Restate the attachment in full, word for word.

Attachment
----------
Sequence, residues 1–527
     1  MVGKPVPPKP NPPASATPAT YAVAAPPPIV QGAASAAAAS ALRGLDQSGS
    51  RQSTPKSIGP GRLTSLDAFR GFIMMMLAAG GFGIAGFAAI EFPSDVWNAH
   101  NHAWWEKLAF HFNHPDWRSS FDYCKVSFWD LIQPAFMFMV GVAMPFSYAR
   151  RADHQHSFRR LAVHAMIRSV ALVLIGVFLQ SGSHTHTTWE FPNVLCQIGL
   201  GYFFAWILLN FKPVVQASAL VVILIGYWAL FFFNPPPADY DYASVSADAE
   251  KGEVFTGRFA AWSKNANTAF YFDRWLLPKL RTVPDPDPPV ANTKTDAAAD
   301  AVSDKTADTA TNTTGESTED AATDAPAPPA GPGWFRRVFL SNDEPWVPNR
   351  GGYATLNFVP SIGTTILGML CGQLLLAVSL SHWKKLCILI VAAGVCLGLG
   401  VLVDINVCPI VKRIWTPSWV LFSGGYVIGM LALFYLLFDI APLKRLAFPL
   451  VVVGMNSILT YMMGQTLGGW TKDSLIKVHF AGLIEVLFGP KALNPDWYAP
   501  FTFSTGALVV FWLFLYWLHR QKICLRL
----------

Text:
Sequence, residues 1–527
     1  MVGKPVPPKP NPPASATPAT YAVAAPPPIV QGAASAAAAS ALRGLDQSGS
    51  RQSTPKSIGP GRLTSLDAFR GFIMMMLAAG GFGIAGFAAI EFPSDVWNAH
   101  NHAWWEKLAF HFNHPDWRSS FDYCKVSFWD LIQPAFMFMV GVAMPFSYAR
   151  RADHQHSFRR LAVHAMIRSV ALVLIGVFLQ SGSHTHTTWE FPNVLCQIGL
   201  GYFFAWILLN FKPVVQASAL VVILIGYWAL FFFNPPPADY DYASVSADAE
   251  KGEVFTGRFA AWSKNANTAF YFDRWLLPKL RTVPDPDPPV ANTKTDAAAD
   301  AVSDKTADTA TNTTGESTED AATDAPAPPA GPGWFRRVFL SNDEPWVPNR
   351  GGYATLNFVP SIGTTILGML CGQLLLAVSL SHWKKLCILI VAAGVCLGLG
   401  VLVDINVCPI VKRIWTPSWV LFSGGYVIGM LALFYLLFDI APLKRLAFPL
   451  VVVGMNSILT YMMGQTLGGW TKDSLIKVHF AGLIEVLFGP KALNPDWYAP
   501  FTFSTGALVV FWLFLYWLHR QKICLRL